A FATHER whose two young children were killed by a drink-driver has launched a safety campaign this Christmas.
Steve Kimberley appealed for people to use common sense and not get behind the wheel if they have been drinking or taking drugs.
His daughter Lucy, 10, son Matthew, 12, and family friend Ben Jewell, 19, were killed in a car crash in 1996.
The driver of the other car, Brian Rabin, from Plymouth, also died and was found to be three times over the legal drink-drive limit.
Mr Kimberley was the only survivor.
The dreadful events of that night have lived with him since and he said this year has been particularly painful.
He said: “I can talk about that night now because it can’t hurt me anymore than it already has.
“And if it stops just one person from getting behind the wheel, that’s an absolute result.”
Mr Kimberley, from Helston, is a former president of Cober Valley Rotary Club and also Helston-Lizard Rotary Club.
Until last year he was chairman of Falmouth Football Club and he owns Falmouth estate agency Kimberley’s.
“I think of this as my massive contribution to road safety,” he said.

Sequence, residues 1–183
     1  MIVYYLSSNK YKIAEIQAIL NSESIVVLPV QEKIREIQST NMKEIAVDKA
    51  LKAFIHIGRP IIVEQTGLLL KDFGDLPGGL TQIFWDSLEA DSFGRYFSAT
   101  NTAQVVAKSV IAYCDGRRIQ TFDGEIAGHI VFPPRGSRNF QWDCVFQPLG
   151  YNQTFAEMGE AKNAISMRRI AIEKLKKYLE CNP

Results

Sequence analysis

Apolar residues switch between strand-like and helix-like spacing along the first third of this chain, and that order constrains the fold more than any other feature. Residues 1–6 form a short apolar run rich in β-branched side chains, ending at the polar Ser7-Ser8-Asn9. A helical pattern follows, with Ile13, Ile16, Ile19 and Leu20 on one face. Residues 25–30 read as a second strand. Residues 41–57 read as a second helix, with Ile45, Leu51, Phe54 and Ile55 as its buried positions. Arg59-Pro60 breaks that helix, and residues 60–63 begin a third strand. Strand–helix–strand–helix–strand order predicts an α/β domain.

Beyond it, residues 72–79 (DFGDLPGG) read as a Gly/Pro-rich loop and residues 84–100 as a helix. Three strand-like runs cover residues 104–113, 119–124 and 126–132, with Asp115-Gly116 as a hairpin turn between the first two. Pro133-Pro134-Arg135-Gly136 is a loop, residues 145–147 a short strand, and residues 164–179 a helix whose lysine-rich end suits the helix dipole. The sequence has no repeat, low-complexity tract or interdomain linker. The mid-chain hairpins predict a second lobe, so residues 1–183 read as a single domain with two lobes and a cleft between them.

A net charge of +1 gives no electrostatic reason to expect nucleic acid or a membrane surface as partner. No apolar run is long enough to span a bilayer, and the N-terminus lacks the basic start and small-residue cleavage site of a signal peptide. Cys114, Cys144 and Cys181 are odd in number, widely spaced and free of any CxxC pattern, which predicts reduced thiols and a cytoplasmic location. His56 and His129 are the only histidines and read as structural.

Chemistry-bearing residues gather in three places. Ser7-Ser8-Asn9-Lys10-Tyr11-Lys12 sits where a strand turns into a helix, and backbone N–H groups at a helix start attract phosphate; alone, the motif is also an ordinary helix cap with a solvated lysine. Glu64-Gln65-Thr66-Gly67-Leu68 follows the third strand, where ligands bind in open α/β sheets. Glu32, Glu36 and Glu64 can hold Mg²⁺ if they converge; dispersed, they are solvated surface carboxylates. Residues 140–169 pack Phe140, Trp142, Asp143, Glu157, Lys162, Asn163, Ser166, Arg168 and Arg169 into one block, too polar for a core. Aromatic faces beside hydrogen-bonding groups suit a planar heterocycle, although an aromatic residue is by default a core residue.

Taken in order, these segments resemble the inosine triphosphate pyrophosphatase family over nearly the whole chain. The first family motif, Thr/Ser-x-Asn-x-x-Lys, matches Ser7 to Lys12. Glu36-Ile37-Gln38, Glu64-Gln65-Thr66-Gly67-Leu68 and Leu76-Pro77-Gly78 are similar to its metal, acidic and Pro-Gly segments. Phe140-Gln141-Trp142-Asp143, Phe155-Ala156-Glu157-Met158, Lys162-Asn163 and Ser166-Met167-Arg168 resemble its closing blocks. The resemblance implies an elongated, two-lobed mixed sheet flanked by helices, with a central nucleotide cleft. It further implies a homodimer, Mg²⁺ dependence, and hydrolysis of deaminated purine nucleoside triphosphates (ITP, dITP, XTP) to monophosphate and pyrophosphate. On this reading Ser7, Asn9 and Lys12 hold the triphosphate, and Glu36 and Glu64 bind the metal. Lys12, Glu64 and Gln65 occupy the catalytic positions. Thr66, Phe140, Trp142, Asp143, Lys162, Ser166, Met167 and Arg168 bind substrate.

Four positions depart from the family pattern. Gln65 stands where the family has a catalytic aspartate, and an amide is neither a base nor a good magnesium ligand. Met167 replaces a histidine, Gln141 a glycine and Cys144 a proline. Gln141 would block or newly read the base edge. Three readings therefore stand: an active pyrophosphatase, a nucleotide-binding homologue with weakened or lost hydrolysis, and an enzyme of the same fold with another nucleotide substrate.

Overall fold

“You see it all the time and people think they are safe to drink.
“In towns and every village pub you have to drive to, I bet they have locals who know their routes home and think they are safe.
“People also think they can go out and get hammered the night before and be safe to drive in the morning. I always leave it at least 12 hours before I drive again.
“It’s not just drink either. Driving while taking drugs is a serious problem.”
In a message to anyone thinking of driving after a drink, he said: “The horrific events of that summer evening dramatically changed the lives of our families and friends.
“It taught us that life is a gift so precious and fragile and that immortality is the privilege of gods alone which shouldn’t be taken for granted or wasted.
“This year has probably been the hardest for me even 17 years after the accident.
“During the festive season, please can I ask you in the name of Lucy, Matt and Ben, not to drink or take drugs and drive at any time.
“If you can afford to drink, then you can afford a taxi, or better still, nominate or take turns as a designated driver.
“To stay off alcohol won’t kill you, but drinking might.”
On the occasion of his daughter’s birthday in November, he added: “My little daughter Lucy would have been 28 years old this year.
“She was a beautiful, intelligent and funny young lady with such a sunny outlook on life.
“I am so proud to have had the privilege to be her father.”